The National Parks of the United States preserve our nation's iconic landscapes and some of the finest examples of geologic heritage. From glaciers to caves, volcanoes to canyons, or mountains to coral reefs, the nation's geologic features and landforms have been an important part of the American experience throughout its history. The geologic features found in our national parks are a testimony to the Earth's complexity and dynamic nature; a planet that has been in a continuous state of change since its origin 4.6 billion years ago. The landscapes and awe inspiring geological features we observe in the national parks are merely snapshots in time as Earth continues its course of change as the result of interactions among the planet's many internal and external processes. The landforms and geologic structures within our national parks have a story to tell about an area's geologic history and tectonic setting.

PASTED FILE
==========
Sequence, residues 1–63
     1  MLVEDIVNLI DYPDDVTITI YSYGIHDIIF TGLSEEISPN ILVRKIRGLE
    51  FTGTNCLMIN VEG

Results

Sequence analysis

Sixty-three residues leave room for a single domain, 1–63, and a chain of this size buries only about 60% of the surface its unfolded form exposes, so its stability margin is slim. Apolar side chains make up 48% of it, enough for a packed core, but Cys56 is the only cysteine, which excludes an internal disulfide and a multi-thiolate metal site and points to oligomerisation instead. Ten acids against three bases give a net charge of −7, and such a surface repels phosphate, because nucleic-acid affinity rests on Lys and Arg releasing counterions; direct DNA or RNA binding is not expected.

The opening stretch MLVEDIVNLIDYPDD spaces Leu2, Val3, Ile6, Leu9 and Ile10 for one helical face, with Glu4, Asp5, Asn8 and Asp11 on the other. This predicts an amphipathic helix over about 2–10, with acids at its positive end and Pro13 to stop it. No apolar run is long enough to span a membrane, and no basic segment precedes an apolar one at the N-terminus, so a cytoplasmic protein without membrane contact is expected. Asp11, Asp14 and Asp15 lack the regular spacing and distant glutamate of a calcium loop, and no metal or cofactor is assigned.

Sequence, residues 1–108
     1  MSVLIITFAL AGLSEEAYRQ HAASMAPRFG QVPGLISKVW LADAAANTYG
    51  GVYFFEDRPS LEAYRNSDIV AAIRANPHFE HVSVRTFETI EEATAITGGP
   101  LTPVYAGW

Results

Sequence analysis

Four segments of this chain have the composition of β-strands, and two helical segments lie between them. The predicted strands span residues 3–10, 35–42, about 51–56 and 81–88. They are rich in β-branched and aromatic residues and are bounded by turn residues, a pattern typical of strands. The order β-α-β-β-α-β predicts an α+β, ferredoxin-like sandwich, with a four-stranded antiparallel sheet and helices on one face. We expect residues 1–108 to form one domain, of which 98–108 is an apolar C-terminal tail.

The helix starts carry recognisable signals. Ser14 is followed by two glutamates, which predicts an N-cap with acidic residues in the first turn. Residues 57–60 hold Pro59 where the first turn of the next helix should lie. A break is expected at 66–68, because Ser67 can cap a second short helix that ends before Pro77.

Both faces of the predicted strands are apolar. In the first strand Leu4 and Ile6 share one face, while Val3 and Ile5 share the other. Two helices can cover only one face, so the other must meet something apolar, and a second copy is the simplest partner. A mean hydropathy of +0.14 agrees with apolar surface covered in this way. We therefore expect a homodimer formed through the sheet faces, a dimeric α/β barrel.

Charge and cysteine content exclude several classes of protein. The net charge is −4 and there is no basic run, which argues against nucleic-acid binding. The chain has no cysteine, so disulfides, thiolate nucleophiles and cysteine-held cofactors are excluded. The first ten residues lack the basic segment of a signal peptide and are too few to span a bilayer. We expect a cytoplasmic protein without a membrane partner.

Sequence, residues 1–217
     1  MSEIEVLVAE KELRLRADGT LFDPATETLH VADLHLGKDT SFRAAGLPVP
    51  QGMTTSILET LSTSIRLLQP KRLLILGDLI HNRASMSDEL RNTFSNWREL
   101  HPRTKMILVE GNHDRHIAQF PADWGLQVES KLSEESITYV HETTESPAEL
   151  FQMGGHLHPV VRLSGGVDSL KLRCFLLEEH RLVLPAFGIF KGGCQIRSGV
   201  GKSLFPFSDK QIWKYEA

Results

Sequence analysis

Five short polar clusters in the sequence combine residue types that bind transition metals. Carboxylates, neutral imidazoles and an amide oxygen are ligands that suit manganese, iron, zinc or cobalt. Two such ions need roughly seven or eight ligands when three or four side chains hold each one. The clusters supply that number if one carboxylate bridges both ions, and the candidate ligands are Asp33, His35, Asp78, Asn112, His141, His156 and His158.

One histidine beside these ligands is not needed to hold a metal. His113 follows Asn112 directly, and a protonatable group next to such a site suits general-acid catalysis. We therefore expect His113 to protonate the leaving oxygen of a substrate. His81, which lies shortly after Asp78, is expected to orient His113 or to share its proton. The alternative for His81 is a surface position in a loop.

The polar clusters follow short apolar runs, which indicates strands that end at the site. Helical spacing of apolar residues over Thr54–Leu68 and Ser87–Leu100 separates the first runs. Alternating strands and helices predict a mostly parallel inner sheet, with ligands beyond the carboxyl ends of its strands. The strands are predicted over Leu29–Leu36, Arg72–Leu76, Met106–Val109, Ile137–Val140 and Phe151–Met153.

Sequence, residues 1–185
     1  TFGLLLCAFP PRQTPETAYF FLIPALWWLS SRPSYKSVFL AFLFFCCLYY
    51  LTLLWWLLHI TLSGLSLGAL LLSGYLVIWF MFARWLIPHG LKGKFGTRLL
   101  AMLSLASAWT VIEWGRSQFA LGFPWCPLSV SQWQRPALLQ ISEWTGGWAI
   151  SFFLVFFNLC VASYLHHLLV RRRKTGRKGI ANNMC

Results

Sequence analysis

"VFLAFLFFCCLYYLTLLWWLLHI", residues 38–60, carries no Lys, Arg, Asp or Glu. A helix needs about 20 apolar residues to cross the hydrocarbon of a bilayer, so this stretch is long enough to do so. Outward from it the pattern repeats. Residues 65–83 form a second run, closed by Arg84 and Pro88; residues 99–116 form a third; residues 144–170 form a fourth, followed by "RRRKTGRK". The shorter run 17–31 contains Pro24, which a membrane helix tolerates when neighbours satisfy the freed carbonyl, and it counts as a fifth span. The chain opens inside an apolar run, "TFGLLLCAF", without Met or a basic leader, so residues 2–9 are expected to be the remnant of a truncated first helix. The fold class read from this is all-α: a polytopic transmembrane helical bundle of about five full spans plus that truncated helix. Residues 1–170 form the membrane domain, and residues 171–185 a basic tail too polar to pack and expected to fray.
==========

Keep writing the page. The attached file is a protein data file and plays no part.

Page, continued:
Geology of National Parks teaches how to recognize landforms and rock formations within a national park; thus, students will begin to read and interpret the geologic story behind the scenery which extends to scenery beyond the parks to their own backyard. Students will also recognize that the plant and animal communities in an area along with the human history are linked to the landforms through the habitat, resources and shelter they provide.
Geology of National Parks:
presents the basic elements of physical geology.
features two new parks in this edition: Congaree National Park and Pinnacles National Park.
Geology of National Parks features five parts:
Scenery Developed by Weathering and Erosion on Flay-Lying Rocks
Caves and Reefs
Landscapes Shaped by Continental and Alpine Glaciation
Volcanic Features and Volcanic Activity
Landscapes and Structures in Areas of Complex Mountains
This edition features 59 National Parks and each has a dedicated chapter within these categories.